Skip to main content
Intellect

36th Annual Summer Institute of Applied Statistics at BYU June 15-17

The 36th Annual Brigham Young University Summer Institute of Applied Statistics will be held Wednesday through Friday, June 15-17 on the BYU campus. G. Bruce Schaalje, professor of statistics at BYU, will present "The Art and Craft of Mixed Models." 

Register online at statistics.byu.edu. Academic registration is $450 before May 21 and $600 after. Non-academic rates are $700 before May 21 and $850 after. Registration closes June 6. For CES and student rates, contact Kathi Carter at (801) 422-4506.

After a brief discussion of the history and theory of mixed models, the seminar will cover the mixed model application: model specification, model selection, model checking and model usage.  Examples will be drawn from microbiology, exercise science, animal breeding, ecology and sociology. SAS software will also be highlighted, and Schaalje will suggest tools for specifying the structure of the experimental material and tools for graphically displaying features of the data. 

Schaalje has been a professor in the Department of Statistics at BYU since 1992. He worked as a statistician and research scientist for Agriculture Canada for 12 years prior to coming to BYU. He has authored or co-authored 130 publications in professional journals. His research interests include mixed models, ecological statistics, measurement error models and statistical authorship attribution. He received a master’s degree from the University of Washington and a doctorate from North Carolina State University.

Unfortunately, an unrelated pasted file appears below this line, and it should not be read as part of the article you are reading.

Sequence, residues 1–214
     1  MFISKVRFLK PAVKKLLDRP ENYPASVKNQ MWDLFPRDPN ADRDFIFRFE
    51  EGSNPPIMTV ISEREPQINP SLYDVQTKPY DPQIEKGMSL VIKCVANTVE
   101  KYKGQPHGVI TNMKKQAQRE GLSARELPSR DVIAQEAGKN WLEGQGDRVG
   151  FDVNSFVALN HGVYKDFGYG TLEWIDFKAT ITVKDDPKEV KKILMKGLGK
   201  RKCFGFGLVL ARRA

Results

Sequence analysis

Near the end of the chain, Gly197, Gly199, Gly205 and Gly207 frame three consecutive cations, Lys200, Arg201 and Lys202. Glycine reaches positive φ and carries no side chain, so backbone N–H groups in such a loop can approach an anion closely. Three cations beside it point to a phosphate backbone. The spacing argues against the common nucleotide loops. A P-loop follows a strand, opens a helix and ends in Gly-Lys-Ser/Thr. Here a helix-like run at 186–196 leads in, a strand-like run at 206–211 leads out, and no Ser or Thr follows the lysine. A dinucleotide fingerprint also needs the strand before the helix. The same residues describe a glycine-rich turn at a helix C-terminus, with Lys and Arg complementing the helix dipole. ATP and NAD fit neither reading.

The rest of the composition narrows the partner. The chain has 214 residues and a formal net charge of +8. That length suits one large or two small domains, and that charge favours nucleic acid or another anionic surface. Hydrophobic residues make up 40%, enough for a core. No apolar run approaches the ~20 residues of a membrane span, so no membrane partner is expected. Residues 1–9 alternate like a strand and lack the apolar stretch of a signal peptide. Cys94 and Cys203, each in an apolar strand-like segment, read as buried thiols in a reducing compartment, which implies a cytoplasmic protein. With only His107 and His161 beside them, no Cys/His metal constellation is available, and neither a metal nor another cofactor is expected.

For more information, visit statistics.byu.edu or contact Kathi Carter at (801) 422-4506 or email kathi_carter@stat.byu.edu.

Writer: Mel Gardner

Related Articles

data-content-type="article"

Teaching kids about money pays off — in finances and relationships, BYU study shows

January 13, 2022
A new study from BYU discovered that children who learn proper money management behavior from their parents have more fulfilling relationships with their significant others in young adulthood.
overrideBackgroundColorOrImage= overrideTextColor= overrideTextAlignment= overrideCardHideSection=false overrideCardHideByline=false overrideCardHideDescription=false overridebuttonBgColor= overrideButtonText= overrideTextAlignment=
data-content-type="article"

BYU researchers sequenced the quinoa genome. Now they’re introducing hybrids of the crop to developing nations

January 11, 2022
As soils across the world become less fertile and more desert-like due to climate change, it’s getting harder for farmers, especially those in developing nations, to grow basic life-preserving crops such as corn, wheat and rice.
overrideBackgroundColorOrImage= overrideTextColor= overrideTextAlignment= overrideCardHideSection=false overrideCardHideByline=false overrideCardHideDescription=false overridebuttonBgColor= overrideButtonText= overrideTextAlignment=
data-content-type="article"

Top 10 BYU News Stories of 2021

December 29, 2021
The most-read BYU News stories of the year include research on internet trolling, advances in holography, the formation of the new Office of Belonging, and the many ways students and faculty have strengthened one another as they continue to persevere through a pandemic.
overrideBackgroundColorOrImage= overrideTextColor= overrideTextAlignment= overrideCardHideSection=false overrideCardHideByline=false overrideCardHideDescription=false overridebuttonBgColor= overrideButtonText= overrideTextAlignment=
overrideBackgroundColorOrImage= overrideTextColor= overrideTextAlignment= overrideCardHideSection=false overrideCardHideByline=false overrideCardHideDescription=false overridebuttonBgColor= overrideButtonText=